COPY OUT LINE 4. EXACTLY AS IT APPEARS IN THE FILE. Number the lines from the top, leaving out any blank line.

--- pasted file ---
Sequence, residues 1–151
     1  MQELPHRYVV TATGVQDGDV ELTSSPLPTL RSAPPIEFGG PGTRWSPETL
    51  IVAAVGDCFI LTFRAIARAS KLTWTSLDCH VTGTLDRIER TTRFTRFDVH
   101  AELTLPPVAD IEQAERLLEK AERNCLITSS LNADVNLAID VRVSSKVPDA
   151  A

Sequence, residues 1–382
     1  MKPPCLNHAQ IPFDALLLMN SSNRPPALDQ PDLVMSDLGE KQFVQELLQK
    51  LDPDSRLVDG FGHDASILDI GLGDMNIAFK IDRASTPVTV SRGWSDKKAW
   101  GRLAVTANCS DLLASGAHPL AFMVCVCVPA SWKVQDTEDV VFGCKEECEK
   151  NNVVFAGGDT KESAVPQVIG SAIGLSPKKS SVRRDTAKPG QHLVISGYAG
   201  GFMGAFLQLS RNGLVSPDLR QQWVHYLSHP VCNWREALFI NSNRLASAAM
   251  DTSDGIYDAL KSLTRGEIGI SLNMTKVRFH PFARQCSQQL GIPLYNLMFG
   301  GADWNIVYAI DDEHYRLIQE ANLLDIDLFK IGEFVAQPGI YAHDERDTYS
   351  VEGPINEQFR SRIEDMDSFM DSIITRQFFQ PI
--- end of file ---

   101  AELTLPPVAD IEQAERLLEK AERNCLITSS LNADVNLAID VRVSSKVPDA